The Rediscovery of Petra By a Masquerading Explorer
View of Al Khazneh, the Treasury, Petra, Jordan, engraving by Lemaitre from Arabie, by Noel Desvergers, Freres, Paris, 1847. Source: (gettyimages.com)
Chances are, your first introduction to the ancient city of Petra was when it was featured in the movie, Indiana Jones and the Last Crusade. The incredible city carved out of the face of a sheer cliff wall inside a slot canyon, may have looked like a movie set designed just for that action movie, but Petra is, in fact, a very real place. Built eons ago, Petra was once a thriving city along trade routes, but it was abandoned and forgotten until its rediscovery in 1812 by a Swiss adventurer who was traveling in disguise. Here is the incredible story of the uniquely beautiful ancient city of Petra and how it was found again by an undercover explorer.
No One Knows When Petra Was Built
Located south of the capital city of Amman in Jordan, Petra is a very old archaeological site that has become Jordan’s number one tourist attraction. Yet no one knows for sure when the ancient city was built. There are existing records that have shown that the city was a thriving stop on the spice trade routes and the capital of the Nabataean Empire by the first century BC. The Romans took control of the city and included mentions of it in their writings. But Petra failed to fully bounce back from an earthquake in 363 AD that caused widespread destruction. Changes in the trade routes meant that visitors were no longer flooding into the city. By the middle of the 7th century AD, the city was abandoned and largely forgotten. Only the nomadic Bedouins occasionally stopped at the ruins.
Enter Johann Ludwig Burckhardt
Swiss explorer and adventurer, Johann Ludwig Burckhardt, born in 1784, was a wealthy, educated, well-connected young man who had the time, money, and ambition to explore the world. He decided he wanted to find the source of the Niger River. Sir John Banks, the president of the Royal Society of England, encouraged Burckhardt. In fact, he encouraged many European adventurers to explore the vast, unknown parts of the African continent. Burckhardt made plans to travel from Cairo across the Sahara Desert.
Burckhardt Studied Arabic
As preparation for his journey, Johann Burckhardt enrolled in Cambridge University to study Arabic. Learning the language, he was sure, would help him traverse the African continent, but he had another plan in mind. Burckhardt knew that many of the people of North Africa and the Middle East were leery of Europeans who were coming to their land and taking ancient artifacts. They were distrustful of Europeans so they did not openly share information with them. Burckhardt thought he could discover more information by passing himself off as one of them.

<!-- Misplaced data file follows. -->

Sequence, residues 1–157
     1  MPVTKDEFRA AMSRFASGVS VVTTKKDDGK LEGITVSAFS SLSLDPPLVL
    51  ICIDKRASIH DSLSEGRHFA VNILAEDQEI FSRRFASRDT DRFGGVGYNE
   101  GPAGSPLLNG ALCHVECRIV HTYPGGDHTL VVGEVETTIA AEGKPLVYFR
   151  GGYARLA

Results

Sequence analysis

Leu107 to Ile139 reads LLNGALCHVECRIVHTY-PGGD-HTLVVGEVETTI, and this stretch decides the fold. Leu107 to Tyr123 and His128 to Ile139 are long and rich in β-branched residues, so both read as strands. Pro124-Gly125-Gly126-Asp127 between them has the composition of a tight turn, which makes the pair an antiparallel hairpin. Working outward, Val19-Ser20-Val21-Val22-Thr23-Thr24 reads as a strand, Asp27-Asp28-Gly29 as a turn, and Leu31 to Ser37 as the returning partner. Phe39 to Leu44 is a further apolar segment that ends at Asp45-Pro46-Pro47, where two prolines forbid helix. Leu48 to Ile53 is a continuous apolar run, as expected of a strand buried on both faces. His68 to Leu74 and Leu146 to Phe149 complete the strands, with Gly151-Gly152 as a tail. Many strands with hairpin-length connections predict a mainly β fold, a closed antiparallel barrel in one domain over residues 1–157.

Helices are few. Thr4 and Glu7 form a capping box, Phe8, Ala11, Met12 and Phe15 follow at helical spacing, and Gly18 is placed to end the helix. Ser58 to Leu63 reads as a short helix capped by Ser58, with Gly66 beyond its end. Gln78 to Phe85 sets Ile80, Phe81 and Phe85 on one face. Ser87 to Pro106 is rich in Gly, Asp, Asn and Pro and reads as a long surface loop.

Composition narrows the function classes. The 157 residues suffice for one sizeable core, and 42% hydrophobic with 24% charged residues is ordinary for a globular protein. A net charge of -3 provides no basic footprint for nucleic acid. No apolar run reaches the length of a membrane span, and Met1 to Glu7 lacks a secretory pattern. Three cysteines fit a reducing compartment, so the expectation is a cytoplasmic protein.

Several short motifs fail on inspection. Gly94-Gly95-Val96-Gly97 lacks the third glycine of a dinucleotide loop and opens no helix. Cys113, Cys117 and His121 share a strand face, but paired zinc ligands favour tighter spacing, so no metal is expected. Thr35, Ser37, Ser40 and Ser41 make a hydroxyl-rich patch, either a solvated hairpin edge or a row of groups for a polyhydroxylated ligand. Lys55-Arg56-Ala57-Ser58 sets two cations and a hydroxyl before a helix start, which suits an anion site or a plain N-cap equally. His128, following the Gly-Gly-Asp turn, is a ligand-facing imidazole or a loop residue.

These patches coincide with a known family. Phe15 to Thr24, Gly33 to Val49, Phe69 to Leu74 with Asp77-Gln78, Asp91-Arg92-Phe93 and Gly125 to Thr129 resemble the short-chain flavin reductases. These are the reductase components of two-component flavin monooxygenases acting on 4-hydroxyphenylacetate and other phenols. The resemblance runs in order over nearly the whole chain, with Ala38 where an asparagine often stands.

Burckhardt had a Change of Plans
When Johann Burckhardt arrived in Cairo, he fully intended to seek out the source of the Niger River, but he got distracted by another quest. He learned that Dr. Ulrich Seetzen, a German explorer, had been seeking the ruins of a fabled ancient city carved into a canyon face. But Seetzen was murdered by his guides in 1811. That got Burckhardt curious. Did such a city really exist? Was Seetzen murdered to prevent him from finding it? Burckhardt abruptly changed his plans. He traveled to Aleppo in Syria, bought a house, and hired a Christian Arab to tutor him in the local dialect, as well as in Muslim law and the Koran.
Burckhardt Disguised Himself as an Arab
When he felt he had learned enough, Burckhardt dressed in the local attire and introduced himself as Sheikh Ibrahim Ibn Abdallah as he traveled around Syria and Lebanon and into Jordan. He infiltrated groups of local travelers and gleaned information from them. He was able to move through the land without being stopped and questioned. His disguise was working.
The Rediscovery of Petra
He joined a group of herders and traders who were traveling to Cairo when he overheard the goat herders talking about how close they were to the ruins of an ancient city that was hidden in a narrow mountain valley. Local legend claimed that the tomb of Aaron, the brother of Moses, was located at this site. Burckhardt told his companions that he wanted to sacrifice a goat to Aaron, and paid a guide to show him the ruined city. He, the guide, and the unfortunate goat entered the slot canyon and emerged to see the breathtaking ruins. Burckhardt was in wonder and longed to fully explore the ruins, but he didn’t want the guide to discover that he was a European infidel. The guide would have thought he was a treasure hunter and killed him. So Burckhardt could only make quick observations about Petra before he sacrificed the goat and returned with the guide. But he wrote about what he found in his journal.
Burckhardt’s Journal Contained a Wealth of Information
Burckhardt devoted 12 pages of his journal to his observations in Petra. Although he did not name the city, his description of the carved city made it clear that he had rediscovered Petra. He was not able to spend much time at the ruins, but he noted details about the dimensions of the buildings, the state of disrepair they were in, and the carvings that he saw. He even described the now-famous building called the Treasury.
Burckhardt Did More Exploring But Never Found the Source of the Niger
Back in Cairo, Burckhardt joined a caravan that was traveling up the Nile River. He discovered the temple of Ramses the Great at Abu Simbel and wrote about the massive stone statues there. He also explored Mecca and Medina but never got around to completing his original goal of finding the source of the Niger River. In 1817, Burckhardt fell ill and died in Cairo. He was only 32 years old. His precious journal, filled with his discoveries, was sent back to Cambridge.
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